2/23/14 5:36 PM as a reply to Richard Zen.
Richard Zen:
I wonder if this practice gets confused with attention to vedana "feeling tone" because that includes thoughts as well.
Can you rephrase this? If which practice gets confused? I don't understand your sentence as it is.

Richard Zen:
If you pay attention long enough until the tones go away that would seem the same thing except for the wanting to be felicitous.
Hmm, it might seem to be the same thing, and it would have some similar properties, but it wouldn't be the same thing. Paying attention to feeling-tones doesn't lead to a PCE, you need something more than that. That sort of attention would probably lead to a state of heightened sensory perception, though.

RE: So what's the consensus on the "Actual Freedom" Guys?
Answer
2/23/14 8:04 PM as a reply to IAMTHAT That Ami.
Three excellent articles an AF and Richard, and how it relates to Buddhism:

Awakening To Reality

RE: So what's the consensus on the "Actual Freedom" Guys?
Answer
2/23/14 8:48 PM as a reply to Beoman Claudiu Dragon Emu Fire Golem.
Beoman Claudiu Dragon Emu Fire Golem:
Richard Zen:
I wonder if this practice gets confused with attention to vedana "feeling tone" because that includes thoughts as well.
Can you rephrase this? If which practice gets confused? I don't understand your sentence as it is.


In Boisvert's 5 aggregates there are some quotes:

Vedanakkhaya

A disciple of the Buddha, with concentration, awareness and constant thorough understanding of impermanence knows with wisdom the sensations, their arising, their cessation and the path leading to their destruction. One who has reached the destruction of sensation is freed from craving, is fully liberated.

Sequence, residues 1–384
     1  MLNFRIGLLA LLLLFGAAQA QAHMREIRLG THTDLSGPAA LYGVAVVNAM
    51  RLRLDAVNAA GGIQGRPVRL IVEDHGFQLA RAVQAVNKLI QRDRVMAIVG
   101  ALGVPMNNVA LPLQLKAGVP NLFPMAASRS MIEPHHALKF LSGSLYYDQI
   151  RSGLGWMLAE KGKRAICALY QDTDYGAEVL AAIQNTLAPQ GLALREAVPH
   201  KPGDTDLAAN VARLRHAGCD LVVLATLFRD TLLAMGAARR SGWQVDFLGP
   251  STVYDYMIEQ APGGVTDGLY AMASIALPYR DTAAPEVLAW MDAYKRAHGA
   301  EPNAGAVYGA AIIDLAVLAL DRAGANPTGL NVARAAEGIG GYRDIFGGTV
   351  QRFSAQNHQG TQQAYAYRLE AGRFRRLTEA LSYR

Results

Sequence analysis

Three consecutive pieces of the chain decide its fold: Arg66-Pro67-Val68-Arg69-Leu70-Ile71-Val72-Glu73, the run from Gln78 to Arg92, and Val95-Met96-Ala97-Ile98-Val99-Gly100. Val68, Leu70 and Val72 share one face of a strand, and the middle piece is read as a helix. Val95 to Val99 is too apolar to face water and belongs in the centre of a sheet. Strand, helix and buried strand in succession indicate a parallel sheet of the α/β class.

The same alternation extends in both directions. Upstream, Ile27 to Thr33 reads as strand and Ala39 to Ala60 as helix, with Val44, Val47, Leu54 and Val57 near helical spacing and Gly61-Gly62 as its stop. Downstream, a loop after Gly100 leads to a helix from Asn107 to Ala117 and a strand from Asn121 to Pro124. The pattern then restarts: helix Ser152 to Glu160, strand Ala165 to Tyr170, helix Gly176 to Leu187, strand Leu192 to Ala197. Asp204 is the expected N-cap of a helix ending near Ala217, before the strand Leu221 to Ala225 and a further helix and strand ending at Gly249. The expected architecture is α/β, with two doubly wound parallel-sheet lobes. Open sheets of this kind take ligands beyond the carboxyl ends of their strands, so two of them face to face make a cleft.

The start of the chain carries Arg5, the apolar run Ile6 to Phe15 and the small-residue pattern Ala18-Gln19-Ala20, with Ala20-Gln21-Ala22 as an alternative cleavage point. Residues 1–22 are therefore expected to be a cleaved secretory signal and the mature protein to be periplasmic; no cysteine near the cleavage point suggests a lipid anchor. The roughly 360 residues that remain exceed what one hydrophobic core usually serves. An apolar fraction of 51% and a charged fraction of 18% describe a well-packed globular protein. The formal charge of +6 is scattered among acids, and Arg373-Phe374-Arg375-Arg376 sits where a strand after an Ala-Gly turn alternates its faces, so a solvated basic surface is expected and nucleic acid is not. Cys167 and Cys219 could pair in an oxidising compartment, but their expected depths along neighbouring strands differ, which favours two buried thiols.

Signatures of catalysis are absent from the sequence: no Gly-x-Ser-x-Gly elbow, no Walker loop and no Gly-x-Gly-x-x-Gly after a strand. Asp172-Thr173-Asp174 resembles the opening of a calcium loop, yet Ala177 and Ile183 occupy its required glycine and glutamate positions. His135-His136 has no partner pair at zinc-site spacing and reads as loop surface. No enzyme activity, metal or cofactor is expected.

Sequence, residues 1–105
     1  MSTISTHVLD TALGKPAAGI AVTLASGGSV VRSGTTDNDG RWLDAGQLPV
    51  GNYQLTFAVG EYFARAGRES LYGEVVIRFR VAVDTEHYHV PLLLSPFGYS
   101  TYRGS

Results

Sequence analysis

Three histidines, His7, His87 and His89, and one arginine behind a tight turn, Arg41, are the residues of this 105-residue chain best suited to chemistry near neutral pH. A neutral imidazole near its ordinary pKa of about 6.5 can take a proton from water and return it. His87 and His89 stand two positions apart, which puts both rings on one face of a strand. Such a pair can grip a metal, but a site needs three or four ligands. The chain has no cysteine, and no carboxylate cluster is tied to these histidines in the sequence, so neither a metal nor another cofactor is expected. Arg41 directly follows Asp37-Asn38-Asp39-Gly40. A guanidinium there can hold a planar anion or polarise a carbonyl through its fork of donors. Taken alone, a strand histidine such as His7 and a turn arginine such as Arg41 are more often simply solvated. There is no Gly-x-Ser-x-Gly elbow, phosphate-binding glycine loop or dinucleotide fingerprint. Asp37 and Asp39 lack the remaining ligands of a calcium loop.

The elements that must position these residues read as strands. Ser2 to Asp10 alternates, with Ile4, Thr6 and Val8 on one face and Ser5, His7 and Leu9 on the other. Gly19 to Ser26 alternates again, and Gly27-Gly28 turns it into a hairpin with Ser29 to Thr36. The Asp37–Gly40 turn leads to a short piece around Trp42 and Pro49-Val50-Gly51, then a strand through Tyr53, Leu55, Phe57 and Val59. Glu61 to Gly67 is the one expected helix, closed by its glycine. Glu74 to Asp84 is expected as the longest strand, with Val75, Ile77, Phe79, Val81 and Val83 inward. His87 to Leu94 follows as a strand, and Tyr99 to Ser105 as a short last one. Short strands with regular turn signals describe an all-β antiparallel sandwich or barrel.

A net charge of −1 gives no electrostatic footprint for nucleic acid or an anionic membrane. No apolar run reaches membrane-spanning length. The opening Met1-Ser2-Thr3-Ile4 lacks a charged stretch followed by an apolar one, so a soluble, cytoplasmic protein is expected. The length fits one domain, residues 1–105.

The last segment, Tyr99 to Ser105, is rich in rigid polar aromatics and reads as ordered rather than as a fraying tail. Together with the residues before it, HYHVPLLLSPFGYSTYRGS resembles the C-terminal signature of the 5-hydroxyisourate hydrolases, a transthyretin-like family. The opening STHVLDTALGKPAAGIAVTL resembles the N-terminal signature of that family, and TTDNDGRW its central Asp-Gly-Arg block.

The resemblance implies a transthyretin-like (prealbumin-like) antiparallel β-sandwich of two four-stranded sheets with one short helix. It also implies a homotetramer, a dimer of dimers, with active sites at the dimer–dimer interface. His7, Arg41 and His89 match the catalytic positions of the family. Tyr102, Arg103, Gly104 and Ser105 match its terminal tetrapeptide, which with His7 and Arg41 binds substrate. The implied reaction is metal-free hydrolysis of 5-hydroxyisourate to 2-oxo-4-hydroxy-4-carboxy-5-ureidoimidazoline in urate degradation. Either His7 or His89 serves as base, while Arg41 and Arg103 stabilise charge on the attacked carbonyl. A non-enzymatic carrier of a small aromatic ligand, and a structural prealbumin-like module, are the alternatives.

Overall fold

Beoman Claudiu Dragon Emu Fire Golem:
Richard Zen:
If you pay attention long enough until the tones go away that would seem the same thing except for the wanting to be felicitous.
Hmm, it might seem to be the same thing, and it would have some similar properties, but it wouldn't be the same thing. Paying attention to feeling-tones doesn't lead to a PCE, you need something more than that. That sort of attention would probably lead to a state of heightened sensory perception, though.


I guess it's hard for me to understand the ending of affect and having felicity (which is another word for happiness). Happiness feels like affect but the release of emotions should feel like relief or "liberation".

I'm sure the brain is complex and people can get different results.

RE: So what's the consensus on the "Actual Freedom" Guys?
Answer
2/23/14 9:25 PM as a reply to Richard Zen.
Richard Zen:

I guess it's hard for me to understand the ending of affect and having felicity (which is another word for happiness). Happiness feels like affect but the release of emotions should feel like relief or "liberation".


The idea in actualism is that a feeling-based felicity is the nearest affective approximation of the relief/ liberation that comes with a PCE/ actual freedom. Since you can't just become actually free on a whim, you choose to live that affective approximation as your baseline while you work through whatever prevents you from being utterly and permanently free. So your aim is to live as the felicitous feelings, until, on the extinction of 'being', even those feelings are no more... and what's left is the actual perfection that you experience in a PCE. (Which is more akin to relief/ release than to emotional happiness, but there's also apperceptive delight and wonder, and sensuous pleasure).